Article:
living fossil

Way Kambas Rhino Dance



Children for the Hairy Rhino

Alongside the story of the rhinoceros that loses his horn but not his pride in the rainforest, rhino doctors and keepers from the sanctuary have brought the hairy rhino to the people surrounding the local Way Kambas village through the medium of dance. One day we would like to start a Rhino and Rainforest Day where traditional children's dance will be performed by local Asian dancers and musicians - featuring a handmade badak dance costume and other rainforest creatures including the blue-jeans frog and pop-eyed papaya bat from the rhino tale. We convey a conservation message by incorporating elements of The Hornless Rhinoceros story into the dance. Indonesian and Malaysian dance represents a magical and traditional way of sharing important moral and ethical values and remains essential to fostering community bonds. Especially critical in today's rapidly changing society where western influences are eliminating many of these irreplaceable ways of life, traditional dance remains a highly respected art form and means of communication in Indonesian culture. While traditional dances incorporating such rainforest animals as tigers and sun bears are known from Sumatra, there has never been a dance celebration for the rhinoceros, thus making ours the first ever Rhino Dance!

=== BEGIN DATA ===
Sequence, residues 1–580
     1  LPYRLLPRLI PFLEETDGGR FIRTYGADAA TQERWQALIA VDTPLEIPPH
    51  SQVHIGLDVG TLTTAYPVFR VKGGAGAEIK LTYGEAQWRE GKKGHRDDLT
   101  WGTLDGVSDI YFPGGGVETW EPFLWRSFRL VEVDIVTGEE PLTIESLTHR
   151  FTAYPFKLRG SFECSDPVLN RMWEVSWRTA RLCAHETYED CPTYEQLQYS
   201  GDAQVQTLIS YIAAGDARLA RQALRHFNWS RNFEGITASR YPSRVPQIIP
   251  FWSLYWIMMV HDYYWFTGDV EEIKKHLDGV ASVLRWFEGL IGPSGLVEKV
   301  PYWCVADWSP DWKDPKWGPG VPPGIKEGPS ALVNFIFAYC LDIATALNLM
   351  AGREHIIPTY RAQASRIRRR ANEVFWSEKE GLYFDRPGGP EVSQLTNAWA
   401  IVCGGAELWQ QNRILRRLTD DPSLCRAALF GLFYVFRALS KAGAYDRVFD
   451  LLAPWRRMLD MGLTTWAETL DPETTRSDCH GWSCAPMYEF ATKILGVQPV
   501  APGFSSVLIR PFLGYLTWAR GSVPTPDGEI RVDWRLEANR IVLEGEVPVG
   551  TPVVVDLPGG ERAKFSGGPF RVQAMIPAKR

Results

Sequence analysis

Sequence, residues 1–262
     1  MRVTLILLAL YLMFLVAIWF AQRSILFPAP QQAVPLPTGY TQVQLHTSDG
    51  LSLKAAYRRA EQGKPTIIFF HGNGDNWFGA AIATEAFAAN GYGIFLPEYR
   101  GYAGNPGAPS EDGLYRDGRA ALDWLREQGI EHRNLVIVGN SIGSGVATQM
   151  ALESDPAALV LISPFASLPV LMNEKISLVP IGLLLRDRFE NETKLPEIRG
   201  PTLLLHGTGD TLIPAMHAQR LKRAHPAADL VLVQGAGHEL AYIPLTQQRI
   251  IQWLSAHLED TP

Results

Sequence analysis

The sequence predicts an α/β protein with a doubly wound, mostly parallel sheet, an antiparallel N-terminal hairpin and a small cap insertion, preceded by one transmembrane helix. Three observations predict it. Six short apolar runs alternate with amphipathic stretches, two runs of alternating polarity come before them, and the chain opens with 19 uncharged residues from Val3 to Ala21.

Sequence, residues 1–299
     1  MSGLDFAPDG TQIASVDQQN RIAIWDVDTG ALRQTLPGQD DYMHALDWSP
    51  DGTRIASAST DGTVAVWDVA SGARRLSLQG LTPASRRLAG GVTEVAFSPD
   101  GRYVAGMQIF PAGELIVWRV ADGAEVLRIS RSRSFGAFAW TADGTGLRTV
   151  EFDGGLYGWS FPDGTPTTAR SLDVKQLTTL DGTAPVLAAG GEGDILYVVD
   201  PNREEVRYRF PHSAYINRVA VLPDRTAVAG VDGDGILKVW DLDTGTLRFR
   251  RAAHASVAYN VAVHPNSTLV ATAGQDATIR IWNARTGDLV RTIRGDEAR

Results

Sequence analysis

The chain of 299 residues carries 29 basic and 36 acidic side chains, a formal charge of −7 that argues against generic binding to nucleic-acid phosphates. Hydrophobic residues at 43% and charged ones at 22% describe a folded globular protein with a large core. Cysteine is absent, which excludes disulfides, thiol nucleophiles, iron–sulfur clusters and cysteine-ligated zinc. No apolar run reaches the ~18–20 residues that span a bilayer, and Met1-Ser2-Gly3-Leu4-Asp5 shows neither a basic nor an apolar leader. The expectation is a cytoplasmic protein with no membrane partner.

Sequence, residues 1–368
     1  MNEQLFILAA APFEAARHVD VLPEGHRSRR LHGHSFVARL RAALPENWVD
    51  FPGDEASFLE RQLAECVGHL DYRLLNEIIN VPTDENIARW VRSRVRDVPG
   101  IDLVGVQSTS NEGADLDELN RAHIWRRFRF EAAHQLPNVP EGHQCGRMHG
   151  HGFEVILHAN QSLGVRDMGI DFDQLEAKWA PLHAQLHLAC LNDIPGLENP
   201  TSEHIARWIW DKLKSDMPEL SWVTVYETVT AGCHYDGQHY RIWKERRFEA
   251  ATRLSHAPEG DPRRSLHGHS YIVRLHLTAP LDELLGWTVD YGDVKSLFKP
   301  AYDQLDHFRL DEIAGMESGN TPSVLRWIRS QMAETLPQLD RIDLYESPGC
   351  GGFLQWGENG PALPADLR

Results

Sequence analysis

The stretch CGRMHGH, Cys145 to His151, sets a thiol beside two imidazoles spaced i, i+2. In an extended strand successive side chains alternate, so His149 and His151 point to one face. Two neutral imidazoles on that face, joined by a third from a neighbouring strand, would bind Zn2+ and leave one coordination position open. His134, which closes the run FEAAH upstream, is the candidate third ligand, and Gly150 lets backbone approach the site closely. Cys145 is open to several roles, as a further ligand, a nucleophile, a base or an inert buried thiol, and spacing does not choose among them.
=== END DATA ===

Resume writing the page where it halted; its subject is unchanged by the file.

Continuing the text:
Bulu the hairy rhino celebrating with children and parents in Way Kambas Village, Sumatra during the first "Rhino Dance".

Bulu meets with school children from Grades 1 through 6 at the Sekolah Desar Negeri Elementary School near Way Kambas National Park.